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Keys to effective keynote speakers

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Tonya Farmer and Lianne Pereira are certified meeting professionals who have hired many keynote speakers. We asked them to share tips, ideas and stories about doing so.

Earlier this year, Farmer became operations and events director for the Powder Coatings Institute in Conroe, Texas, after a number of years as an event and meeting planner for the Texas Credit Union League. She has worked for American Golf Corp., Boeing and Frito-Lay.

Pereira, who has her certification in meeting management, is director of Juniper Originals, a planning firm that covers a range of services, from consulting to on-site staffing. She is also based in Texas but has clients beyond the state.

We hear a lot about how we must be aware of the varying learning styles of audiences. As Tonya has pointed out, today’s audience could include four diverse generations. Are keynote speakers changing their styles because of this change in audiences?

TF: I am seeing younger speakers come out of the chute able to deliver in a way that most generations can understand and resonate with. Old-school speakers might not always incorporate storytelling, audiovisual or other elements that engage a broader audience. The best ones, though, talk about the audience with the meeting planner and add those elements when they are needed. It can be tough for one speaker to engage everyone. What captures one generation’s attention might not capture another. What might offend one generation might not offend another.

Keynote speakers aren’t hired for the same reasons as other speakers. Tonya, you have said you feel that every conference needs a keynote speaker and that one of your goals is to convince PCI, which doesn’t use keynoters at its annual trade show and conference, to do so.

TF: Right now, there’s not one event that kicks off the conference as an official welcome and creates the vibe and message that should be carried out through the show. Starting the conference with a keynote speaker would create value. It gets everyone under one roof and everyone on the same page. It serves as an icebreaker and gives you something to talk to your neighbor about.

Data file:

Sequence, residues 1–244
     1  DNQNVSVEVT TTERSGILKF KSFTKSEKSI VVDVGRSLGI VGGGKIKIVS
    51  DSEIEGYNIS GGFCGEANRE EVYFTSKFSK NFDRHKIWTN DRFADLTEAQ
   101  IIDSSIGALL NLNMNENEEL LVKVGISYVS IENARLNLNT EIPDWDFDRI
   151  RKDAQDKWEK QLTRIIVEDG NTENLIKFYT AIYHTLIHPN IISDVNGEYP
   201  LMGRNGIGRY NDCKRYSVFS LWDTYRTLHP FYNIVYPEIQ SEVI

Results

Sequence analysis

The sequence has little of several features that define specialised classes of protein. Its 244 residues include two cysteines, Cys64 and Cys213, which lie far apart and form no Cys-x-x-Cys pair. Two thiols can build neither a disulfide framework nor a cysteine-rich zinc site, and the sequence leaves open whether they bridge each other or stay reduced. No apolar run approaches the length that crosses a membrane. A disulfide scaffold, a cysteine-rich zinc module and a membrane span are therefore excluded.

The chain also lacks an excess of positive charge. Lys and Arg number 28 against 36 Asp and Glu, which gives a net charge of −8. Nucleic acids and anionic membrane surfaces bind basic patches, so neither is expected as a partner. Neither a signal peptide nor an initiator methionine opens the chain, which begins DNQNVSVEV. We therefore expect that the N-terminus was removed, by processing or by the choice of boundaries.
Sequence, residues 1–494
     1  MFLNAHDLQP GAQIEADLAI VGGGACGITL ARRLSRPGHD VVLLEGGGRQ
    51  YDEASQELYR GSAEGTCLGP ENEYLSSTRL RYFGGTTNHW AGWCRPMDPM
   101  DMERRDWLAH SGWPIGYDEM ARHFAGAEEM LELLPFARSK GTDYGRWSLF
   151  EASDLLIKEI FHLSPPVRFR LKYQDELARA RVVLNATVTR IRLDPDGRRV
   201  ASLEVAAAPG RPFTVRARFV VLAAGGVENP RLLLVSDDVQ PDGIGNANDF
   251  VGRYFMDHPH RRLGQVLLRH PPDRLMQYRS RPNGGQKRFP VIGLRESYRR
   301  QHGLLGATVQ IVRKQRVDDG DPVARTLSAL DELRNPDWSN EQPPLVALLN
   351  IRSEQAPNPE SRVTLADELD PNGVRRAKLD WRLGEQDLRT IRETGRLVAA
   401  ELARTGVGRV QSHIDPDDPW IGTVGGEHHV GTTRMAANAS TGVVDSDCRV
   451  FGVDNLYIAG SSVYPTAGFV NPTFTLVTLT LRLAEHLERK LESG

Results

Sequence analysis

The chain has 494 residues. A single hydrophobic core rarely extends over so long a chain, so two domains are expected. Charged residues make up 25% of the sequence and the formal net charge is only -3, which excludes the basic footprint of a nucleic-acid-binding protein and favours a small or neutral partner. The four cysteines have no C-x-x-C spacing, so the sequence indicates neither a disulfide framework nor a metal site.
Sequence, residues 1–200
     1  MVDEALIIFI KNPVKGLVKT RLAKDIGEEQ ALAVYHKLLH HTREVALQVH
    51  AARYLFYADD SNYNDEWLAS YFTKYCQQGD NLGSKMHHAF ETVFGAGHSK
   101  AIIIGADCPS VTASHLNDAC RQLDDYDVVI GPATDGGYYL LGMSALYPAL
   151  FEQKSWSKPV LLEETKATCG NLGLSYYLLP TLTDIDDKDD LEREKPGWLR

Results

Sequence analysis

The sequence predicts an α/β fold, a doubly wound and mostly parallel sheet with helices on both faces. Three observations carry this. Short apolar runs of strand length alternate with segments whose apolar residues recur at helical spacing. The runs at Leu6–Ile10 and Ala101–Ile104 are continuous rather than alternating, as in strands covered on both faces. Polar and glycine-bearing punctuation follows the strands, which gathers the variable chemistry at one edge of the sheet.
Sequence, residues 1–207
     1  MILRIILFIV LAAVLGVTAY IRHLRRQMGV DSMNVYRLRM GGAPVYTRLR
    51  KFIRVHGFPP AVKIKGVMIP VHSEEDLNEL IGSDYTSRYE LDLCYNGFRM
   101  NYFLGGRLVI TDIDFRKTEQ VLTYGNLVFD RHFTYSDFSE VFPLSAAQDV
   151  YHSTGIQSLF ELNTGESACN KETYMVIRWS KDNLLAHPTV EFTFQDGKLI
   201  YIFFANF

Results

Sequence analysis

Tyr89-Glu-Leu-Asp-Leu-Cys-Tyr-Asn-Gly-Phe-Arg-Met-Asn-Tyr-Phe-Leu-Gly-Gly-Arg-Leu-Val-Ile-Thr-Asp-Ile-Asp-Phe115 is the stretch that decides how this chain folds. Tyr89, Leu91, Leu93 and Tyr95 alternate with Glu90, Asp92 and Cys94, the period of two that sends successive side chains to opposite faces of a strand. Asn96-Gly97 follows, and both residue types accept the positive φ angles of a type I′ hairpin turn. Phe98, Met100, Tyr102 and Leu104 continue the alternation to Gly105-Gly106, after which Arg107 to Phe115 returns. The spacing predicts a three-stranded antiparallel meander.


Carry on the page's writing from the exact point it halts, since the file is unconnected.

Part of PCI’s concern is cost, right?

TF: Yes, but I have told my bosses that we don’t have to pay $150,000 for Colin Powell. I can find an effective speaker for under $10,000. They might not be a celebrity, but they will have a story that you resonate with.

Keynote addresses can be used at different points in a conference. Tonya likes for hers to kick-start the conference. Lianne, you take a different approach.

LP: I place them strategically, stacking the speakers with the most exciting —  the most “rah, rah, rah” —  at the end of the conference. We try to end with a big bang. A more sedate speaker would be one of the opening sessions. Halfway through, we would have a speaker that would pump you up and get you going. Then, at the very end, we would have the keynoter, the most exciting, the “This is what I’ve been waiting for” speaker. We build momentum.

Tell me some of the qualities that you look for in a keynote speaker.

LP: A keynote speaker can be inspirational or someone famous. They can be the author of a bestseller or a business guru, a high-level government official. For the kind of money you spend on a keynote speaker, I expect the message they deliver to have value to the audience and also that they will be a draw and will get people to the conference. There will also be other benefits: photo ops, book signing. There has to be some cache attached to them.

I find the best keynote speakers are those who have more in their wheelhouse or toolbox than just speaking. In other words, the people for whom speaking is a byproduct of what they do. For example, they might have written a book, or they have a job that relates to the topic they speak about. I find they tend to be higher caliber.

You have said there is another upside to this sort of speaker.

LP: They tend to be easy to work with. They roll with the punches; they can make any situation work. On the flip side, speakers whose talks are gimmicky or don’t have much substance can be harder to please and too absorbed in how they look and how they come across onstage. In terms of celebrities, I have found that A-listers tend to be easier to work with than B-listers.